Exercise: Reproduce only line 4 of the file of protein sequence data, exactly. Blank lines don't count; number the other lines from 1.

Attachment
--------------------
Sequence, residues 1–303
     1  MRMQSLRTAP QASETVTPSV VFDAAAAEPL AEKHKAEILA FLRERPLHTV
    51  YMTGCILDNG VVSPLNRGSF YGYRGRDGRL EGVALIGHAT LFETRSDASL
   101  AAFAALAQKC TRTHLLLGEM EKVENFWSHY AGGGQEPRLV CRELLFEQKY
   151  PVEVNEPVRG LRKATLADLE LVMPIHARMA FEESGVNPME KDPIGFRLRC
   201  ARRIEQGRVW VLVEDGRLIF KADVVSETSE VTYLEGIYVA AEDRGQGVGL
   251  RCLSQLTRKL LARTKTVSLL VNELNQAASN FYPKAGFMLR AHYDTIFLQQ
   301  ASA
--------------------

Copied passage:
   101  AAFAALAQKC TRTHLLLGEM EKVENFWSHY AGGGQEPRLV CRELLFEQKY